Friday 26 February 2016

Dark Music Review – Neuroplasticity

Dark Music Review – Neuroplasticity

Review Written By Casey Douglass

Neuroplasticity CD Art

Dronny Darko's second solo full length album on Cryo Chamber is an introverted journey through the psyche of the listener. From primal and space ambient sounding drones, to something constructed in a laboratory, this album is a mix of drones both deep and detailed with tiny sounds for those that pay attention.

Neuroplasticity is a great title for an album that revels in the internal, the brain-themed labels extending into some of the track titles too. It’s a term I am well familiar with in relation to trying to treat and live with my Obsessive Compulsive Disorder as it comes up in various ways to give the sufferer hope and evidence that an over-busy or misfiring brain can heal itself and actually change structure as behaviour changes. So once again, a very cool title in my opinion.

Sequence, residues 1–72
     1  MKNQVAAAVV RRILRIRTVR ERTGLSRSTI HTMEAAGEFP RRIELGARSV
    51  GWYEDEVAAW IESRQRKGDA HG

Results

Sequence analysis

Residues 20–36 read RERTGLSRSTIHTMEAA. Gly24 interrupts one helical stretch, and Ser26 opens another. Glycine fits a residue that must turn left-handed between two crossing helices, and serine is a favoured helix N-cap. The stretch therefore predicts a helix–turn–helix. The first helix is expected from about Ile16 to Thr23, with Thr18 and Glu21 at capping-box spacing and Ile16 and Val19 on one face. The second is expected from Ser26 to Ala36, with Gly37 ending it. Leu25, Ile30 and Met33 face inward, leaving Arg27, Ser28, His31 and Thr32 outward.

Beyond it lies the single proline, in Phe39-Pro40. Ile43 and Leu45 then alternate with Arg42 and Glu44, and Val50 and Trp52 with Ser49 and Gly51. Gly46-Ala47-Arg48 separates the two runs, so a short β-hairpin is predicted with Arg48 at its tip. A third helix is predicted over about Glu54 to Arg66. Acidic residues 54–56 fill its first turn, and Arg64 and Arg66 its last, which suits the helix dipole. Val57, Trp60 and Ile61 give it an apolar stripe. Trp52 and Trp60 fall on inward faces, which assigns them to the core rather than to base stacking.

As far as the sounds contained within Neuroplasticity, I would describe it as an album that features a good deal of staticy crackly electro fuzz that certainly might be what synapses firing and making connections could sound like. The first track, Mirror Neurons, begins with a lovely, seemingly random collection of wooden notes, like wooden balls bouncing around, which again, buys into the whole brain-connections theme nicely.

I have listened to the album a number of times, and while I appreciate what it is doing, I think it missed the mark with me a little. I tried to analyse why this might be the case but all I came up with is maybe personal taste, and possibly state of mind while listening. There were a couple of tracks that I liked more than the others however.

The first was Electrical Membrane, a track that begins with distorted notes twisting and stuttering in and out, before being joined by an undulating drone that masks electronic sounds with hints of voices, like robots malfunctioning or de-tuned receiving equipment. The whole thing put me in mind of what a robotic graveyard might sound like, if not all of its denizens were fully deactivated.